SEC Activision Enforcement Action Underscores Breadth of Disclosure Control Liability
The SEC has been pushing the envelope on enforcement initiatives. At the same time, the SEC is pushing new disclosure obligations like cybersecurity and climate change. The SEC is following up on the importance of disclosure obligations and the surrounding controls. This is a new enforcement priority because the SEC is focusing beyond financial disclosures and reporting to new areas of significant risk. The Activision case represents a significant new foray in this area.
Activision is one of the world’s largest video game and publishing companies. Activision has three major video game franchises: World of Warcraft, Call of Duty and Candy Crush.
Microsoft has proposed to acquire Activision Blizzard for $69 billion. The FTC, EU and UK regulators have opposed the transaction.
The SEC’s enforcement actions focuses on two specific issues – Activision’s inadequate disclosure controls and failure to implement appropriate whistleblower protection rules.
The SEC cited Activision’s acknowledgment, in its quarterly and annual SEC filings, of the importance of attracting, retaining and motivating employees with specialized skills. Activision suffered from a “frat boy” culture that was linked to the conduct of its CEO and senior management.
Given its risk statements, the SEC focused on Activision disclosure controls to ensure that its risk statements were accurate. As noted by the SEC, Activision lacked controls and procedures to ensure that information related to employee complaints of workplace misconduct would be communicated to Activision’s disclosure personnel to allow for timely assessment.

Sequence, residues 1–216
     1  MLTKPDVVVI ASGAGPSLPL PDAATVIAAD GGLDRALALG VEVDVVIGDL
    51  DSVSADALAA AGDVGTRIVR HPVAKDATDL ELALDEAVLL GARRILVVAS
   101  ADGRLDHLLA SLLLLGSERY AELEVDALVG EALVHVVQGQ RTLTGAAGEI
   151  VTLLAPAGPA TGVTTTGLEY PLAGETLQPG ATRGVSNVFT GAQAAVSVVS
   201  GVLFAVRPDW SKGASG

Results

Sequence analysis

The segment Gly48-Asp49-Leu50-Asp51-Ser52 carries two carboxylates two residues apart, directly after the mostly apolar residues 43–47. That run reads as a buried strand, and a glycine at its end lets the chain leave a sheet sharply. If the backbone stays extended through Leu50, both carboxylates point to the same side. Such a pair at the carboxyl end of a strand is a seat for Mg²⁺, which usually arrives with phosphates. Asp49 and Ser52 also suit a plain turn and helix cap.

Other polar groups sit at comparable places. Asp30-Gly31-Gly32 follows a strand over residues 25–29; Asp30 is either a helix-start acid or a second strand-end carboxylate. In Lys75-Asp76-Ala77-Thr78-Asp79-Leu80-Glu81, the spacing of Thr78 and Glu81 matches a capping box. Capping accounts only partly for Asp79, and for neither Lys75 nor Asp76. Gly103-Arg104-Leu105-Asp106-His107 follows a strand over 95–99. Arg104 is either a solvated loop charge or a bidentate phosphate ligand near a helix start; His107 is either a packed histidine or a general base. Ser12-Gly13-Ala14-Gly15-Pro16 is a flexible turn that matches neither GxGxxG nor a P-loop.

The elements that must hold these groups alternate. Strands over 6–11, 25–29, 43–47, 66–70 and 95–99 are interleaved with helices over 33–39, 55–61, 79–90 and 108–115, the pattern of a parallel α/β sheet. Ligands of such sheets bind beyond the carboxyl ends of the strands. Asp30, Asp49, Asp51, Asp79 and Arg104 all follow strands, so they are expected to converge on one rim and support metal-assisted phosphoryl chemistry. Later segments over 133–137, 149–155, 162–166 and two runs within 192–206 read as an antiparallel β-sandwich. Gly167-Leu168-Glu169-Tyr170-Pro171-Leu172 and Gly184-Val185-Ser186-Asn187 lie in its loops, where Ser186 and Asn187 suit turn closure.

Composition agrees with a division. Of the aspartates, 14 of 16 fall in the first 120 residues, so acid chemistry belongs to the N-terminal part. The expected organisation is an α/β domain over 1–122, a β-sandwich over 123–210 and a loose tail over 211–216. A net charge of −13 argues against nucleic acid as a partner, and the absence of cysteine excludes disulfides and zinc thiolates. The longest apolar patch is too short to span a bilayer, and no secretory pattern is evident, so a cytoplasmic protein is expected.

Activision required that individual business unit leaders report certain categories of potentially material information to Activision’s Disclosure Committee. These categories, however, did not include any information relevant to Activision’s ability to retain and attract employees, including employee complaints or incidents of workplace misconduct.
In view of the absence of any control to collect relevant information on employee culture, Activision’s management and disclosure personnel were unable to assess the volume and substance of employee complaints relating to workplace misconduct for public disclosure purposes.
To address this issue, Activision implemented structural changes and policies to enhance the documentation and communication of employee misconduct to management and disclosure personnel.
On the whistleblower issue, between 2016 to 2021, Activision entered into a significant number of separation agreements using templates that required former employees to notify the company if they received a request from a government agency in connection with a report or a complaint.
Section 21F-17 of the Dodd-Frank Act prohibits a person from taking “any action to impede an individual from communicating directly with the [SEC staff] about a possible securities law violation, including enforcing . . . a confidentiality agreement . . . with respect to such communications.”
Activision adopted a separation agreement template that it used when employees departed from the company. The template included a clause requiring former employees to notify Activision of any requests from an agency concerning a report or complaint. Over a five-year period, 2016 to 2021, a significant number of departing employees signed separation agreements with this clause. In 2022, Activision modified its template and removed the notification requirement from the template.